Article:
|Mark Van Hoen
Playing With Time (1999)
|All titles written and produced by Mark Van Hoen at Pravda.
All titles published by Chrysalis Music Ltd.
Source vocals on 'Real Love' by Holli Ashton.
Source vocals on 'Love Is All' by Lisa Millet.
All other sounds created or found by Mark Van Hoen.
All DSP and editing my Mark Van Hoen on Protools.
LP compiled by Jon Wozencroft and Mark Van Hoen.
Mastered by Dennis Blackham at Country Masters.
Design and photography by Jon Wozencroft.
The track 'You And Me Inside' was used in a short film by Jeff Stark in 1999. The movie ran in theatres in the UK, and featured Ewan McGregor as 'The Stranger'
The man behind Locust has temporarily left the swarm to make something more ambiguous, and playing with time is exactly what he does -stretching, layering, repeating and looping instrumental phrases in a mesh of loveliness which is three parts Seefeel, one part early Orbital. 4/5
|Dazed And Confused
Strangulated vocal meets the millennium bug in the chill out room of the mind's eye. Exquisite production ideas that are so expertly executed - at times it's hard to know whether you are listening or dreaming. At the end of a topsy-turvy seven day head massacre, "Real Love" offers legitimate tranquillity.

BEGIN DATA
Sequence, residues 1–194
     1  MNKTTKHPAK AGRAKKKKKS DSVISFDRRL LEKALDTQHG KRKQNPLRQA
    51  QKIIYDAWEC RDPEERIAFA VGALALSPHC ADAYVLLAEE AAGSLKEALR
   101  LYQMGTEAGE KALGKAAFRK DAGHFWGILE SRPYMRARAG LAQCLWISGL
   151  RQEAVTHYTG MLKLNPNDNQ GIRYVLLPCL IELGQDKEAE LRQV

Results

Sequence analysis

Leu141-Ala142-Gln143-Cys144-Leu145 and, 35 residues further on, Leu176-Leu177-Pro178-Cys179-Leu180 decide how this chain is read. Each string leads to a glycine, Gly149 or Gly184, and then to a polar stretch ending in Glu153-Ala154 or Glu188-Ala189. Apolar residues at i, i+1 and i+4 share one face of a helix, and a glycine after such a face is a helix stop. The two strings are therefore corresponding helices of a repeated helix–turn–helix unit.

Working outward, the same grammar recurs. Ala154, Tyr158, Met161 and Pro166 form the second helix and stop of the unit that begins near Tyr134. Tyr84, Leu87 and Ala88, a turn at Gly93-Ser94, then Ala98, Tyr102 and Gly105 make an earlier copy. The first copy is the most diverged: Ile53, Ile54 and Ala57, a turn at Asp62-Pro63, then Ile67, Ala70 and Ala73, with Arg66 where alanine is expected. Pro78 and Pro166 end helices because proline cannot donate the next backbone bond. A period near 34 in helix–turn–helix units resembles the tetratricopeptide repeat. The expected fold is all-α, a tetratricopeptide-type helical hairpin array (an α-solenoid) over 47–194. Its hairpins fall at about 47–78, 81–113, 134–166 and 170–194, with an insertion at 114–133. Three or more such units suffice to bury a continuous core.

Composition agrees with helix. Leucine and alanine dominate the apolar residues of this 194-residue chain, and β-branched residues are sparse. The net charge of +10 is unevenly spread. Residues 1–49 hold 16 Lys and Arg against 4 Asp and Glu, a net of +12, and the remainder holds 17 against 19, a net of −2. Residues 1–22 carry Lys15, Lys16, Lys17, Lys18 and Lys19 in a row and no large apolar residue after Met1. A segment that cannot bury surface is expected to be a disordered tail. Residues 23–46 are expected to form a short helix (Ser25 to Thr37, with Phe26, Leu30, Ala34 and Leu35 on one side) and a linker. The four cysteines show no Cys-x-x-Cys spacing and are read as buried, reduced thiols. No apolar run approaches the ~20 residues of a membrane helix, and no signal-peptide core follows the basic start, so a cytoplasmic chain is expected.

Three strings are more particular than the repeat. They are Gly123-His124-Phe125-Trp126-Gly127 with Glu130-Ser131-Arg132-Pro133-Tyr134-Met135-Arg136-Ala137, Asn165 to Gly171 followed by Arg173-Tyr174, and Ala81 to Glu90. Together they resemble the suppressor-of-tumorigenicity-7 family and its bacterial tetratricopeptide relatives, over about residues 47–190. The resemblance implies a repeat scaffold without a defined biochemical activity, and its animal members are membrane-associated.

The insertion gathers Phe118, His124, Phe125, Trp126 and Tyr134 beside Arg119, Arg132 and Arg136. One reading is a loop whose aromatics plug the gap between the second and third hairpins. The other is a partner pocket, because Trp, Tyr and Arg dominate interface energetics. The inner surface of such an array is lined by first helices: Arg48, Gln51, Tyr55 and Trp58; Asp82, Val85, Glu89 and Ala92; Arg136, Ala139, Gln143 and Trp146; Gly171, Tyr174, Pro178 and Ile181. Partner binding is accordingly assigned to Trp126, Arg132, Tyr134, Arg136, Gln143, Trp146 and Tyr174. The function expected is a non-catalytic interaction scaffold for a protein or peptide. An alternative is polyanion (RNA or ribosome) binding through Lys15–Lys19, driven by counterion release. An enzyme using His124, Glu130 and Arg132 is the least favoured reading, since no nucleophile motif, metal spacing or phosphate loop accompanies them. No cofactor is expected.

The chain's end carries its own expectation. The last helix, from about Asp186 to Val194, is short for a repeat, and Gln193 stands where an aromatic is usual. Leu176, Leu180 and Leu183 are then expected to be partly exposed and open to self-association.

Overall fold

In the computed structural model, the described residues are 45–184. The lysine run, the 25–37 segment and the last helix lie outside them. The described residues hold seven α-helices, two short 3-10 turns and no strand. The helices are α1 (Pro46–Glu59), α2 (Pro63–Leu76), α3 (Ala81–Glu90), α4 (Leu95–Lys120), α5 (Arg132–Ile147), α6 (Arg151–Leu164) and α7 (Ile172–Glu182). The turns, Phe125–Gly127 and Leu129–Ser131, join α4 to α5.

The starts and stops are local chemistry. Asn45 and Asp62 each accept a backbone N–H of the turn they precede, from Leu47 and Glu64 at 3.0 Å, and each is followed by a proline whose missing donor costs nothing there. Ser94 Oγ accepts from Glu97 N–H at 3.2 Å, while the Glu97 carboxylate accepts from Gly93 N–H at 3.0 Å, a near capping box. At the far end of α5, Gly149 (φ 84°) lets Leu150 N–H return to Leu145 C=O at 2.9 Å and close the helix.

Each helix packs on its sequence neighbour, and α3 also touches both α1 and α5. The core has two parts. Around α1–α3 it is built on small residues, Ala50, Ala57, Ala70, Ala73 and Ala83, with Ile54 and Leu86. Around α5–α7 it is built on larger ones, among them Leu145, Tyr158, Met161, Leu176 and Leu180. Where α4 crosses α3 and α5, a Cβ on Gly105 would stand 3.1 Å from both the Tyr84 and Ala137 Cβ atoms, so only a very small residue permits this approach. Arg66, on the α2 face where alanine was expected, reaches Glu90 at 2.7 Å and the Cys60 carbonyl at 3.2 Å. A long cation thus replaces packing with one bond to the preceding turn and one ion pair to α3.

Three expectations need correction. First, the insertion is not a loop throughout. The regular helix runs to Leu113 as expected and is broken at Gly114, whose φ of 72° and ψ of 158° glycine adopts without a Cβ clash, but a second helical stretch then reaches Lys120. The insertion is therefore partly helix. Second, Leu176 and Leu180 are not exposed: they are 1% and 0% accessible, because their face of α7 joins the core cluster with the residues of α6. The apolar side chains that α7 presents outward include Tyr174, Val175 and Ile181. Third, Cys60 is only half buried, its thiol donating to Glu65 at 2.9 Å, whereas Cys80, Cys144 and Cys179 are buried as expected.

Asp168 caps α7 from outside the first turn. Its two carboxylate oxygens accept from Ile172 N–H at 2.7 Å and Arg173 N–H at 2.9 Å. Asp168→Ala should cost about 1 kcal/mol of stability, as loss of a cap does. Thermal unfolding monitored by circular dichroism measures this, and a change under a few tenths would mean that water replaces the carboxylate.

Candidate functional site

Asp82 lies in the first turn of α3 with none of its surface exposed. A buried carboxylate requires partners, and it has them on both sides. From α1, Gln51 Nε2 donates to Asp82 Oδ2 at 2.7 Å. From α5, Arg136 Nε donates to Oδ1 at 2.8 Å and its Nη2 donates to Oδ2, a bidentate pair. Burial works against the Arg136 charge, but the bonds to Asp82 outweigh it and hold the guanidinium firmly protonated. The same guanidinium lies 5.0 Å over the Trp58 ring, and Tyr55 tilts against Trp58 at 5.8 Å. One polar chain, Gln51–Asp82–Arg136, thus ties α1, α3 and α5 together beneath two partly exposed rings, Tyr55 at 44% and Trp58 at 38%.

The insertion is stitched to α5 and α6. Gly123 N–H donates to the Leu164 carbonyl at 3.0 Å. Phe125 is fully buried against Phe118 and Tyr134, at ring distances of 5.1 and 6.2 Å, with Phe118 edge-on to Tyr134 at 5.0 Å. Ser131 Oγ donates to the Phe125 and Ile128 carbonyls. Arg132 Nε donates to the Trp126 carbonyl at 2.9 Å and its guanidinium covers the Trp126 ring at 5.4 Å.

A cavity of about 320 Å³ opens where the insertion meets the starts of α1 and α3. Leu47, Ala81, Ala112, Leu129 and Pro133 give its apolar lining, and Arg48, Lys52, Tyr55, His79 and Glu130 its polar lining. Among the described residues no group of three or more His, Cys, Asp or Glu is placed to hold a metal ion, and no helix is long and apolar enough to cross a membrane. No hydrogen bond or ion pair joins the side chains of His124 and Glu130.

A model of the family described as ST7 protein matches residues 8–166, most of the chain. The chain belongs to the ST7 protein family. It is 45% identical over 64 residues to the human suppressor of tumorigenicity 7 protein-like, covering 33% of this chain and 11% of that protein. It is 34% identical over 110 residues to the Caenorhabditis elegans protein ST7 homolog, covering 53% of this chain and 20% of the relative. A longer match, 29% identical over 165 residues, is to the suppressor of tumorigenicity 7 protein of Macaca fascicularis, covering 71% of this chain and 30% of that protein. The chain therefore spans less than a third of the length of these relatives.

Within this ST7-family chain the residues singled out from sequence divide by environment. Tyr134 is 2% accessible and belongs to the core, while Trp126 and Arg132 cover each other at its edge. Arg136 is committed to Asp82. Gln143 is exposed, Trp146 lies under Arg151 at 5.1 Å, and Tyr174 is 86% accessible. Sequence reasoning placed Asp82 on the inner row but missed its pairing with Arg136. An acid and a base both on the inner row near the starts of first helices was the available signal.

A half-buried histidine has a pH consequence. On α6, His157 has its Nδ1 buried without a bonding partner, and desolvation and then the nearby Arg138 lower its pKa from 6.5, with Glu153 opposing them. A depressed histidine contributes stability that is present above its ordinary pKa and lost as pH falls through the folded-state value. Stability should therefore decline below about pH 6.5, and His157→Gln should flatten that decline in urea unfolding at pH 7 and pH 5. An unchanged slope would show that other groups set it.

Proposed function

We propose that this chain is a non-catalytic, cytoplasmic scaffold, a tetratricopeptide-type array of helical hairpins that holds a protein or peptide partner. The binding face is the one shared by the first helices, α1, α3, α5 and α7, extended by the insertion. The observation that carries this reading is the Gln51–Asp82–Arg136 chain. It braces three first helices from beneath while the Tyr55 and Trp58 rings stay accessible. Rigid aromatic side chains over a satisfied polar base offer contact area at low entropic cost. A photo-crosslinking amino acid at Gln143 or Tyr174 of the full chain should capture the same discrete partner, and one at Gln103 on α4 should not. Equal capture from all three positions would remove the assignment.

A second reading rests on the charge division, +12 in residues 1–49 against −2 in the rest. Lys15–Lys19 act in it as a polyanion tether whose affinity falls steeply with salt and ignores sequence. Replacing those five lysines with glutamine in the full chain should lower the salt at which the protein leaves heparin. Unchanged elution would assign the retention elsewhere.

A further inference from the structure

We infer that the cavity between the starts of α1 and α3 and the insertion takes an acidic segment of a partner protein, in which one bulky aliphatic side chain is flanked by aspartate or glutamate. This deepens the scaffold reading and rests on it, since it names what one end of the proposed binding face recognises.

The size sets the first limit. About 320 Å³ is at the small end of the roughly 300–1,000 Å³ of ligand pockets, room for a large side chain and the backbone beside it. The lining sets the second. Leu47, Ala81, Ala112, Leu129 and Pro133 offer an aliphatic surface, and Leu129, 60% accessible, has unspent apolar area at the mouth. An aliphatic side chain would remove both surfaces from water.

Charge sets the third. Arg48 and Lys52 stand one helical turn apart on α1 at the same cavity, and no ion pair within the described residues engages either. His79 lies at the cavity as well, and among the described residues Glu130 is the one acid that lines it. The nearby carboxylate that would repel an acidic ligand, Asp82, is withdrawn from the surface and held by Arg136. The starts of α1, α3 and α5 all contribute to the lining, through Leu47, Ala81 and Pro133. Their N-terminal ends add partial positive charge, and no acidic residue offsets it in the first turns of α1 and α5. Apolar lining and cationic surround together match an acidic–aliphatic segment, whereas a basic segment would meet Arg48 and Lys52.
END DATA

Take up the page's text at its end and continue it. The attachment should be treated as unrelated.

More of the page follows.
Mark Van Hoen , one half of commercial outfit Locust, Mark Van Hoen is also a serious composer as his latest solo effort - showcasing a series of tracks based around the notion of time - attests, Not that Playing With Time resides in crapfest concept album territory rattler that the idea of contrasting tempos and loops has been used as the basis for this wildly divergent set.
Sometimes the theme is used in an obvious way, with clockwork rhythms underpinning a screwed Lip choir sound on Closer Than We All Thought, for Instance. At other times it's evident In the heavy reverb, transforming the lullaby vocals of Real Love into something far more imposing. And then at other times, Van Hoen simply mucks about with the very structure of his tracks, stopping and starting samples and loops to emphasis the digital nature of It all.
it's all tremendously clever and interesting, though occasionally you need to be ready to accept the ambient beauty without suddenly wondering whether the CD is jumping. Mark Ramshore